Then Jesus tells us to take up our crosses and follow him, to love like he loved, to love when it is hard, to love in the face of hatred, to love when it is not fair and hardly seems possible. By that standard, being nice and feeling warm and fuzzy seems pretty insipid.
The other thing people do to get around the radical challenge of the love commandment is to privatize it, as if Jesus is telling us each individually to be loving in our personal lives without saying much of anything about our life together.
But love is supposed to define us as the people of God, as a community, as a nation.
God first gave the law of love to the Hebrew people as they wandered in the wilderness, before they reached the Promised Land. God told them to follow the law of love when they created a new nation in the Promised Land. The law of love—love of God and love of neighbor—was supposed to shape them into a nation of justice and peace.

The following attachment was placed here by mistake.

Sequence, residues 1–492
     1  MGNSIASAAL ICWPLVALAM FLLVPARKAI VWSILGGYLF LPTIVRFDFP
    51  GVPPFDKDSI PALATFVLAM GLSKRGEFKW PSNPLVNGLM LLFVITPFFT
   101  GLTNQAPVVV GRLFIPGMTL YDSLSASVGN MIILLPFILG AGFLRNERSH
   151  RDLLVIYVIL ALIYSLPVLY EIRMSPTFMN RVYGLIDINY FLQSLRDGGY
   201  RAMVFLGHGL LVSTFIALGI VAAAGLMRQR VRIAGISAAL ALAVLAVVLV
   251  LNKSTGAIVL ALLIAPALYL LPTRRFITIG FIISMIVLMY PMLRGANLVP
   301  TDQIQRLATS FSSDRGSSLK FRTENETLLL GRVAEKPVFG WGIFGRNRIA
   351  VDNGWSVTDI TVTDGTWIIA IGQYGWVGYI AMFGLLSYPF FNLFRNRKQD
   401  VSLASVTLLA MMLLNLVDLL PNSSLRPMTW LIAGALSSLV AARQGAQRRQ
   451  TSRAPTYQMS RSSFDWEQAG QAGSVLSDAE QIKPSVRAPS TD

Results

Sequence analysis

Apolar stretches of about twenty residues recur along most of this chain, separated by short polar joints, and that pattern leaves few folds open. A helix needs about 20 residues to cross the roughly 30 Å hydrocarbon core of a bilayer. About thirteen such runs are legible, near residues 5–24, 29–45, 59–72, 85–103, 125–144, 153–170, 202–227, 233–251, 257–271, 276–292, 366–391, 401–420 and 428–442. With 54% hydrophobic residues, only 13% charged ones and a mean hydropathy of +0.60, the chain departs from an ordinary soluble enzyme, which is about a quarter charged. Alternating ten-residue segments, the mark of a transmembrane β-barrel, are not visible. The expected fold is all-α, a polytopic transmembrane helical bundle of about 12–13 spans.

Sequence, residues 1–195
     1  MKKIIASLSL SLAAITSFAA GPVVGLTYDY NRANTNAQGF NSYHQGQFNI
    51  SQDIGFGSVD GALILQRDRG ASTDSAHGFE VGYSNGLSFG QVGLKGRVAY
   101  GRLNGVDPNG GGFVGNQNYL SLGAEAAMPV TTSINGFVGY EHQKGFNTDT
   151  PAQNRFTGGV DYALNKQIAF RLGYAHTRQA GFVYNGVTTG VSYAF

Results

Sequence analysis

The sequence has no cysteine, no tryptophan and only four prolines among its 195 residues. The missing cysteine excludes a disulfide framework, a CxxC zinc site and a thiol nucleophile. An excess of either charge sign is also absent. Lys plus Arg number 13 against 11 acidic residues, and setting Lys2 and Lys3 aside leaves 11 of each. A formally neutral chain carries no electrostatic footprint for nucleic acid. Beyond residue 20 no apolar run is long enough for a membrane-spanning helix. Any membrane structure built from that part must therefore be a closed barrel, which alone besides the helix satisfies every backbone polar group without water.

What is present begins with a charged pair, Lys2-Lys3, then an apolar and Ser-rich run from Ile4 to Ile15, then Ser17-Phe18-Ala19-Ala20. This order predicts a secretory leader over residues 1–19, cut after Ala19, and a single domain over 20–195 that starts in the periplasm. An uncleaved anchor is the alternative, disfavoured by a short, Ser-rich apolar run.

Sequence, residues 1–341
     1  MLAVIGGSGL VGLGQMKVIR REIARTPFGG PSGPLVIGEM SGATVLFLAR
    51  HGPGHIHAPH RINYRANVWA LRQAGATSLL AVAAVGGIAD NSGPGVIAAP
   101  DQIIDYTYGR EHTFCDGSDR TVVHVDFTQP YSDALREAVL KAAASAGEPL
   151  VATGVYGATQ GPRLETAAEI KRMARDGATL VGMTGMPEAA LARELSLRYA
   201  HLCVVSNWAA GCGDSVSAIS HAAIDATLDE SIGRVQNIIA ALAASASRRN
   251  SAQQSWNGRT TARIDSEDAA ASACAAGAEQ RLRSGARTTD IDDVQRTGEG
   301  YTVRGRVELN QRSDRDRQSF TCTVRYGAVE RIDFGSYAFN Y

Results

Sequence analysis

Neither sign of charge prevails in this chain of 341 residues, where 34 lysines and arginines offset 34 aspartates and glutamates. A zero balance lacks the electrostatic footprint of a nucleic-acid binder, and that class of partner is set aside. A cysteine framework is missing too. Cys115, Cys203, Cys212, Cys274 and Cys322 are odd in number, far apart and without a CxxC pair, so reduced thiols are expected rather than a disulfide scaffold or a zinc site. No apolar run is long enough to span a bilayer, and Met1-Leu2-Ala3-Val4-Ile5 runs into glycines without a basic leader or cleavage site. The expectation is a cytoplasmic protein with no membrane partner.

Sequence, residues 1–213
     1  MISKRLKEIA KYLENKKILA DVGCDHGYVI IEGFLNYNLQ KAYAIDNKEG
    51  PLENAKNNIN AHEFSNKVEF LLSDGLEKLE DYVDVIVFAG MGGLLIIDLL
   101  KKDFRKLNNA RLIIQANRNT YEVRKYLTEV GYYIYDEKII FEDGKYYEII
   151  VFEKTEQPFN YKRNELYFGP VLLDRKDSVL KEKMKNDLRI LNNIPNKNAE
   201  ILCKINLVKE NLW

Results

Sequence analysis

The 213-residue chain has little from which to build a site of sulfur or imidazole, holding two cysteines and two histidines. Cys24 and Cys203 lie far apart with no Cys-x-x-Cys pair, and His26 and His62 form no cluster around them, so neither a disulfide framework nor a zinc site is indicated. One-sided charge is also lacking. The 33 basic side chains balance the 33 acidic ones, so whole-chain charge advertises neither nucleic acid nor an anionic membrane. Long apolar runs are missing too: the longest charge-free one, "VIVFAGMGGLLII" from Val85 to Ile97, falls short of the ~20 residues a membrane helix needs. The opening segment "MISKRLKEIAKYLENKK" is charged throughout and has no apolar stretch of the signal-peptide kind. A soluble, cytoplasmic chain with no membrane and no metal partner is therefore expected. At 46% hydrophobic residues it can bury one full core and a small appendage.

They failed, as every nation does. But God refuses to give up on love.
So Jesus came to form a new people as his body in the world, a community that would do God’s will, a community that would be faithful to their calling as God’s people, a community defined by love. That’s us.
Just after the events of our Gospel reading, on the night before his arrest, Jesus offered his final instructions to his disciples. “I give you a new commandment, that you love one another. Just as I have loved you, you also should love one another. By this,” he adds, “everyone will know that you are my disciples, if you have love for one another” (John 13:34-35).